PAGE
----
DARWIN, Charles (1809-1882). Manual of Geology. London: W. Clowes and Sons, 1859.

$ 32,000.00

8vo., (6 6/8 x 5 inches). Original publisher's cloth-backed printed grey stiff paper wrappers

RARE, AND AN EXCEPTIONALLY FINE COPY, in near mint condition, of the second separately printed issue of Darwin's contribution to the Admiralty Manual of Scientific Enquiry, and first issued there as "Geology" in 1849. Edited, and with an important essay on Meteorology, by Sir John Frederick William Herschel (1792–1871), the aim of the Manual... in "the opinion of the Lords Commissioners of the Admiralty [was] that it would be to the honour and advantage of the Navy, and conduce to the general interests of Science, if new facilities and encouragement were given to the collection of information upon scientific subjects by the officers, and more particularly by the medical officers, of Her Majesty's Navy, when upon foreign service; and their Lordships are desirous that for this purpose a Manual be compiled, giving general instructions for observation and for record in various branches of science. Their Lordships do not consider it necessary that this Manual should be one of very deep and abstruse research. Its directions should not require the use of nice apparatus and instruments: they should be generally plain, so that men merely of good intelligence and fair acquirement may be able to act upon them; yet, in pointing out objects, and methods of observation and record, they might still serve as a guide to officers of high attainment: and it will be for their Lordships to consider whether some pecuniary reward or promotion may not be given to those who succeed in producing eminently useful results" (Preface to the first edition in 1849).

Charles Darwin completed his chapter on Geology in March of 1848, many years after the focus of his attention had turned to his theories of the transmutation and evolution of species, for which his is now celebrated. Nevertheless, one his earliest scientific interests was geology, and one of his earliest scientific mentors was the founder of modern geology, Adam Sedgwick (1785–1873). He attended Sedgwick's geology lectures in the spring of 1831, and in August accompanied Sedgwick to north Wales for two weeks in the field. "It was the best possible training,.. Sedgwick built up Darwin's expertise and self-confidence, introducing him to some of the most perplexing geological issues of the day" (DNB). Upon his return Darwin was offered the position of resident naturalist about the Beagle, that was to change his life, and the course of science forever.

In this very rare offprint, his "Manual of Geology", Darwin explains patiently the practical ways in which geology can be studied upon the high seas: "A person embarked on a naval expedition, who wishes to attend to Geology, is placed in a position in some respects highly advantageous, and in others as much to the contrary... He is borne on the ocean, from which most sedimentary formations have been deposited. During the soundings which are so frequently carried on, he is excellently placed for studying the nature of the bottom, and the distribution of the living organisms and dead remains strewed over it. Again, on sea-shores, he can watch the breakers slowly eating into the coast-cliffs, and he can examine their action under various circumstances: he here sees that going on in an infinitesimally small scale which has planed down whole continents, levelled mountain-ranges, hollowed out great valleys, and exposed over wide areas rocks which must have been formed or modified whilst heated under enormous pressure. Again, as almost every active volcano is situated close to, or within a few leagues of, the sea, he is admirably situated for investigating volcanic phenomena, which, in their striking aspect and simplicity, are well adapted to encourage him to his studies" (pages [3]-4).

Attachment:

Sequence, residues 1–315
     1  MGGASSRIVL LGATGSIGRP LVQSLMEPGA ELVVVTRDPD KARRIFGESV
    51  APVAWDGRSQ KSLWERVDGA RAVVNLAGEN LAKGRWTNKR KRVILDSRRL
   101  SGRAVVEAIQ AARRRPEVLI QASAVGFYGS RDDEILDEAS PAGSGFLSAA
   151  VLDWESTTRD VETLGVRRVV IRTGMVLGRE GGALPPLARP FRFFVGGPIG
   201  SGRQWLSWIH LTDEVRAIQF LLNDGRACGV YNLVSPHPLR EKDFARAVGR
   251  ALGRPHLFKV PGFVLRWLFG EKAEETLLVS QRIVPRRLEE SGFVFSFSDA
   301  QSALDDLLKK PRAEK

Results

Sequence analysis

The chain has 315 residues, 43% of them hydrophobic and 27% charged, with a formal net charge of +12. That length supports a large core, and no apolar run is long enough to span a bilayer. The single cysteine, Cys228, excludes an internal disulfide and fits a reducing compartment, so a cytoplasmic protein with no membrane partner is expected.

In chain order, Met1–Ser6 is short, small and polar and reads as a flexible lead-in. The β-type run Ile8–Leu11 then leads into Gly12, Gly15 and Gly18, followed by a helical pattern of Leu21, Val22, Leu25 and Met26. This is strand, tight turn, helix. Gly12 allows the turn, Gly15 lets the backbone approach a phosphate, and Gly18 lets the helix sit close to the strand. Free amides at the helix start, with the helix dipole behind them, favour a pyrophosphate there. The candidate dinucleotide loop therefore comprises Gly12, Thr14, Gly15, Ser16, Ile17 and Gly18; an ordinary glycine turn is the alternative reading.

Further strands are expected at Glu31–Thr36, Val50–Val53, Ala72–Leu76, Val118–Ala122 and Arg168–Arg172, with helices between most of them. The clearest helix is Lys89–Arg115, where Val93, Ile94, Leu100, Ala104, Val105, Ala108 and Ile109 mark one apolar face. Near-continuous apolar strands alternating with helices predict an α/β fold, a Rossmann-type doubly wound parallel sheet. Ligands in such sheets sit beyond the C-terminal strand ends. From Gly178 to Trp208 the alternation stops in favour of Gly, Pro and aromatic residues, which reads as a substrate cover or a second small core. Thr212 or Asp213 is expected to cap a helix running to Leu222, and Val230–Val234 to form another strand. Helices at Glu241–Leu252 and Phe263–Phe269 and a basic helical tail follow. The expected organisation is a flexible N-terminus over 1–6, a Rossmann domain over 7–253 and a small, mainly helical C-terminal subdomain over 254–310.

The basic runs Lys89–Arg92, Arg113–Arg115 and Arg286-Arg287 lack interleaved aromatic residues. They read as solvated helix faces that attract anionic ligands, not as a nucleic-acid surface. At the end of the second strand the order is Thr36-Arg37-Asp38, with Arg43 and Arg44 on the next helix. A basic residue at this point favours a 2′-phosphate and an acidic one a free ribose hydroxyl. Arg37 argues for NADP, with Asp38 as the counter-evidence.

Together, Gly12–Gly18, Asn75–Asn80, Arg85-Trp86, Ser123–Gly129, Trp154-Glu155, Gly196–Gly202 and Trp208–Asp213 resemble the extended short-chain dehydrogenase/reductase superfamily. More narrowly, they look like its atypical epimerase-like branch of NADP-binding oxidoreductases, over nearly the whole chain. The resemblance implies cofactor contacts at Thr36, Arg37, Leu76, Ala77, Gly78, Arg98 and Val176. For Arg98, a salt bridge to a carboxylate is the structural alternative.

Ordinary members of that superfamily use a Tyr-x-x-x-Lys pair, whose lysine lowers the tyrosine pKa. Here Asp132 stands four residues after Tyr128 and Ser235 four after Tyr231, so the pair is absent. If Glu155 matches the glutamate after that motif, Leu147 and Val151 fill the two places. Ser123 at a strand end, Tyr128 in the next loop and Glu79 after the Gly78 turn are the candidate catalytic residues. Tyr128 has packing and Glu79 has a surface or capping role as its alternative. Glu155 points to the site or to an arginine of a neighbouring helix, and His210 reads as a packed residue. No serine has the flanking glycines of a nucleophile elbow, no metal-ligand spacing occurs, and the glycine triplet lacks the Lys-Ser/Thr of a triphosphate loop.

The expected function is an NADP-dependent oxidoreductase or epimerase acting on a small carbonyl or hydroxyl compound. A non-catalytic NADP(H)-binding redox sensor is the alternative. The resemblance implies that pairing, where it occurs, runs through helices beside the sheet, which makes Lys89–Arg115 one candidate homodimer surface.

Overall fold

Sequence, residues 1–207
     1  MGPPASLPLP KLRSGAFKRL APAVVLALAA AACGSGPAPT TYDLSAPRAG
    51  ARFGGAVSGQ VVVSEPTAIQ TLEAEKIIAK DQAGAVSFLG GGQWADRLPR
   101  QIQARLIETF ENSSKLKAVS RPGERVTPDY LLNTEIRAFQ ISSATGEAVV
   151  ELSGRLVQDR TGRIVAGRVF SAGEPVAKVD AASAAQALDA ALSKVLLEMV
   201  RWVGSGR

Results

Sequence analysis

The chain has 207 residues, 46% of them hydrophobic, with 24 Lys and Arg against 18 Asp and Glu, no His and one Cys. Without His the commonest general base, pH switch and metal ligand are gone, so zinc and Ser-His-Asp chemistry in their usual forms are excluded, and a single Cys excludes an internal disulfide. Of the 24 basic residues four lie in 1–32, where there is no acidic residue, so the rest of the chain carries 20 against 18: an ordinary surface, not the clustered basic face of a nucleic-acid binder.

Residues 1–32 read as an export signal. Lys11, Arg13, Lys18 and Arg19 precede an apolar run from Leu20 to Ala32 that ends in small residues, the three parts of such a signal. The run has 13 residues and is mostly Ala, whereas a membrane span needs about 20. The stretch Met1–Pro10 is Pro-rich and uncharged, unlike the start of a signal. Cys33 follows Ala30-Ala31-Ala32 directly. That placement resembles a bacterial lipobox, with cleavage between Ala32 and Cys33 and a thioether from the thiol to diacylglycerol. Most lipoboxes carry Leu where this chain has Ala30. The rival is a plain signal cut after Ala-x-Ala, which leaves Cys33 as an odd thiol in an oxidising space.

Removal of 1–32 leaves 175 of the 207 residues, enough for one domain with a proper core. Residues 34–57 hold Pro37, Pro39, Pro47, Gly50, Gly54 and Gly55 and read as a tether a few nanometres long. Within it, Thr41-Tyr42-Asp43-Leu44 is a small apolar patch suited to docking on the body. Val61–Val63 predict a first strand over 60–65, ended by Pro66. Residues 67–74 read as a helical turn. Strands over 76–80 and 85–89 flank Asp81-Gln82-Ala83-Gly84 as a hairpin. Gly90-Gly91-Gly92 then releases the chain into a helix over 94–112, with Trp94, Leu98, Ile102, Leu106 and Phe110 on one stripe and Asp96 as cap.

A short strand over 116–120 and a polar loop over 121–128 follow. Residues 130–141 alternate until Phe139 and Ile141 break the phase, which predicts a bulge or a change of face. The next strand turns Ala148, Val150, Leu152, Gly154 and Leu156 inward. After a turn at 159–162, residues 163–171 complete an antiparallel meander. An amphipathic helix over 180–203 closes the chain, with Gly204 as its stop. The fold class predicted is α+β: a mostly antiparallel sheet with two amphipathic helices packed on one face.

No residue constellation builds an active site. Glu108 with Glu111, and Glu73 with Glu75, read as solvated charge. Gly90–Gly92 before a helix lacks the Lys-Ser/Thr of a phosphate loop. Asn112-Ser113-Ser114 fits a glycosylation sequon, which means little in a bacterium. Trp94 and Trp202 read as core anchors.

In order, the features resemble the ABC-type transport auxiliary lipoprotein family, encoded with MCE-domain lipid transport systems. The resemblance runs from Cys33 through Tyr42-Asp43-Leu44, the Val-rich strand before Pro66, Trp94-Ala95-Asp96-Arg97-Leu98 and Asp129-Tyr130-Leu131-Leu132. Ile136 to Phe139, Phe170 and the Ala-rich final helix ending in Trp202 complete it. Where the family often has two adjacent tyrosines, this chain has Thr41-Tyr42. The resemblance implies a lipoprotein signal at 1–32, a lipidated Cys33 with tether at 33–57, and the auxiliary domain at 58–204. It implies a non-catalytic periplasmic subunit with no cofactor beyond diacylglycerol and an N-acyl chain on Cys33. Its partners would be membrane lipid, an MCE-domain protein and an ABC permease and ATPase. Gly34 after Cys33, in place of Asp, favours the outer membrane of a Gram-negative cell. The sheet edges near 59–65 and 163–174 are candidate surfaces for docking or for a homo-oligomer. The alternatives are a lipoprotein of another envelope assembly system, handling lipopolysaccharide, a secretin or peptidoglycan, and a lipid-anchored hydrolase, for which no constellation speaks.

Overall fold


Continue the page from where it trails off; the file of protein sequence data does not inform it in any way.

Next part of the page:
Clearly Darwin put these methods to practical use himself during his voyage on the Beagle, and with spectacular results. Adam Sedgwick read Darwin's "Geological notes made during a survey of the east and west coasts of S. America, in the years 1832, 1833, 1834 and 1835, with an account of a transverse section of the Cordilleras of the Andes between Valparaiso and Mendoza" to the Geological Society in 1835; he read his first scientific paper, "Observations of proofs of recent elevation on the coast of Chile" on January 4th, 1837, as a new fellow of the Geological Society of London. He published a trilogy of books about the geology of the voyage of the Beagle: "The Structure and Distribution of Coral Reefs: being the first part of the Geology of the Voyage of the Beagle", London: Smith, Elder, 1842; "Geological Observations on the Volcanic Islands visited during the voyage of H.M.S Beagle, together with some brief notices on the geology of Australia and the Cape of Good Hope. Being the second part of the Geology of the Voyage of the Beagle, under the command of Capt. Fitzroy, R.N. during the years 1832 to 1836", London: Smith, Elder & Co., 1844; "Geological Observations on South America. Being the third part of the Geology of the Voyage of the Beagle, under the command of Capt. Fitzroy, R.N. during the years 1832 to 1836", London: Stewart & Murray for Smith, Elder & Co., 1846. Adrian Desmond and James Moore, and Janet Browne for DNB; Freeman 330. Catalogued by Kate Hunter